Policing the police

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Illustration: Anand Naorem

OVER THE last four decades, the Andhra Pradesh police have killed 6,000 people in fake encounters. Some 2,000 were killed in just the last decade. Yet, no policeman was prosecuted. The reason: the police never book the policemen involved in the encounter. Every time an inquiry by an executive magistrate accepted the police version that the police returned fire after being shot at. Case closed.

Not any more. In a historic judgment on February 6, on a petition filed by the Andhra Pradesh Civil Liberties Committee (APCLC), the Andhra Pradesh High Court ruled that the police must file a First Information Report (FIR) every time a death occurs at their hands, and bring the case before a judge. The court said the local police officer’s report would only be an “opinion” and not a conclusive finding. Importantly, the court ruled an executive inquiry won’t be the final word on such deaths.

This ruling is a sterling blow in favour of India’s human rights movement. It is important to quote the five Justices: G Raghuram, VVS Rao, R Subhash Reddy, Ramesh Ranganathan, and G Bhawani Prasad.

“Where a police officer causes death of a person acting or purporting to act in discharge of official duties in self-defence as the case may be, the first information relating to such circumstances shall be recorded and registered as FIR, enumerating the relevant provision of the law, and shall be investigated.

“The existence of circumstances bringing the case within any of the exceptions in IPC [Indian Penal Code], including the exercise of the right of private defence, cannot be conclusively determined during investigation. The opinion recorded by investigating officer in the final report to the magistrate is only an opinion. Such opinion shall be considered by the [judicial] magistrate in the context of record of investigation together with the material and evidence collected during the course of the investigation. The [judicial] magistrate shall critically examine the entirety of the evidence collected during investigation to ascertain whether the opinion of the IO [Investigating Officer] is borne out by the record of investigation. The [judicial] magistrate has the discretion to disregard the opinion and take cognisance of the offence.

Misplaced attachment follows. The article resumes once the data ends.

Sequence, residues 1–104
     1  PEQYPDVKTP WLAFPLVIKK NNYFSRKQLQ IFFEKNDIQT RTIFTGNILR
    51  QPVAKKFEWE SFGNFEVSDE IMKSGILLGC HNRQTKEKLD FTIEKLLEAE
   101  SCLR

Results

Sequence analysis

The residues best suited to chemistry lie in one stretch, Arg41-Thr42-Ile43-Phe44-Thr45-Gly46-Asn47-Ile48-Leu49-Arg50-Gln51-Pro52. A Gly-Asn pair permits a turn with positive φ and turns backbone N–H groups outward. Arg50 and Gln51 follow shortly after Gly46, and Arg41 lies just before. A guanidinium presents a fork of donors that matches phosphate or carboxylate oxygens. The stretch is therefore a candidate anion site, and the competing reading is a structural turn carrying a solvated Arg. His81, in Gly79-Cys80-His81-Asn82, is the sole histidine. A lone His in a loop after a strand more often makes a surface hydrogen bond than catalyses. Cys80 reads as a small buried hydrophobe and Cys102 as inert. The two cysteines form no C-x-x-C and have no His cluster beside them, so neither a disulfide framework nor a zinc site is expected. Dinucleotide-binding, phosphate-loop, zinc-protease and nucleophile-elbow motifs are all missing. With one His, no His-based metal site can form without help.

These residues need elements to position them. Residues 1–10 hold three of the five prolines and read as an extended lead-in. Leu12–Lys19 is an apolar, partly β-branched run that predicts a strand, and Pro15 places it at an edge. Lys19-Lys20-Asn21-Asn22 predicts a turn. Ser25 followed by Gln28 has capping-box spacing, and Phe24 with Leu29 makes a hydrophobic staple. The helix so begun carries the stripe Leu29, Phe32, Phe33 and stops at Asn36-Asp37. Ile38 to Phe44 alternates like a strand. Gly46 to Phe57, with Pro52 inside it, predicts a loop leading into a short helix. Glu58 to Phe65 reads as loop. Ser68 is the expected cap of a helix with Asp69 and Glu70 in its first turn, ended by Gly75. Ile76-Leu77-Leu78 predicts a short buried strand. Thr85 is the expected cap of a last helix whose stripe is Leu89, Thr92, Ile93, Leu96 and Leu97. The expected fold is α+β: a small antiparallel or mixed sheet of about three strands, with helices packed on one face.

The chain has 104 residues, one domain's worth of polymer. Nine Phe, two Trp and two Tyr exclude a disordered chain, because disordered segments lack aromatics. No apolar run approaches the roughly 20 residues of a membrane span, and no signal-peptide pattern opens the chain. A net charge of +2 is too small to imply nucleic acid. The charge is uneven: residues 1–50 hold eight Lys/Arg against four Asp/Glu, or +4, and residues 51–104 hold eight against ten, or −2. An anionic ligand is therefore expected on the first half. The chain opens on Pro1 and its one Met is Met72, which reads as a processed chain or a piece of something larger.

“A magisterial inquiry [inquest] is neither a substitute nor an alternative to the obligation to record the information as FIR and to conduct investigation into the facts and circumstances of the case, if necessary to take measures for the discovery and arrest of offenders.”

APCLC filed the case before the High Court after the police killed eight people, including Communist Party of India (Maoist) leader Madhav, in a fake encounter on July 22, 2006, in the Naramalla forests of Prakasam district. Those killed included five women.

The judges, however, said it was “not necessary” to rule on our plea that the policemen who took part in the encounter be named. The Andhra Pradesh police do not mention their names even in the post-encounter reports.

This judgment will change the face of the encounter business in Andhra Pradesh. So far there has been no punishment for the police. In 1996, the National Human Rights Commission (NHRC) probed six encounter cases brought by the APCLC and ordered that FIRs be registered in five of them. At the time of the NHRC inquiry, police officers would threaten witnesses to discourage them from testifying.

In June 2006, a CrPC amendment said judicial and not executive magistrates shall probe deaths caused by the police. But police all over India refused to put this into practice. The latest judgment will hopefully trigger a nationwide movement to deter the police from killing innocent people.

Kumar is a civil rights lawyer with APCLC

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